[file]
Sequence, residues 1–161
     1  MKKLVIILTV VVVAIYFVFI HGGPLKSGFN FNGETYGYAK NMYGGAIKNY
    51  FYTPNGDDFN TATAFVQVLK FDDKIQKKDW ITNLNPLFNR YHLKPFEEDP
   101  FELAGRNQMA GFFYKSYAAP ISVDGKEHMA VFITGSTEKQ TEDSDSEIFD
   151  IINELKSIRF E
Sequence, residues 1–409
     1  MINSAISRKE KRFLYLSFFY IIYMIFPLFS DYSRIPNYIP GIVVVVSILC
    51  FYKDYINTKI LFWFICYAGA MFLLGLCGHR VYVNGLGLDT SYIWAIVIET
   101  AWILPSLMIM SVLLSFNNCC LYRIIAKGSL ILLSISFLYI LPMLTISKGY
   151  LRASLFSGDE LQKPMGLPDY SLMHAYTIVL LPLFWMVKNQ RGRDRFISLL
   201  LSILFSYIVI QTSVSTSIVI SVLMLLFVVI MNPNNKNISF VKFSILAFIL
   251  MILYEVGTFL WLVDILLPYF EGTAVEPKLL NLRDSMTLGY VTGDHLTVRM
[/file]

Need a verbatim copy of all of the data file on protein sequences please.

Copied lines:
Sequence, residues 1–161
     1  MKKLVIILTV VVVAIYFVFI HGGPLKSGFN FNGETYGYAK NMYGGAIKNY
    51  FYTPNGDDFN TATAFVQVLK FDDKIQKKDW ITNLNPLFNR YHLKPFEEDP
   101  FELAGRNQMA GFFYKSYAAP ISVDGKEHMA VFITGSTEKQ TEDSDSEIFD
   151  IINELKSIRF E
Sequence, residues 1–409
     1  MINSAISRKE KRFLYLSFFY IIYMIFPLFS DYSRIPNYIP GIVVVVSILC
    51  FYKDYINTKI LFWFICYAGA MFLLGLCGHR VYVNGLGLDT SYIWAIVIET
   101  AWILPSLMIM SVLLSFNNCC LYRIIAKGSL ILLSISFLYI LPMLTISKGY
   151  LRASLFSGDE LQKPMGLPDY SLMHAYTIVL LPLFWMVKNQ RGRDRFISLL
   201  LSILFSYIVI QTSVSTSIVI SVLMLLFVVI MNPNNKNISF VKFSILAFIL
   251  MILYEVGTFL WLVDILLPYF EGTAVEPKLL NLRDSMTLGY VTGDHLTVRM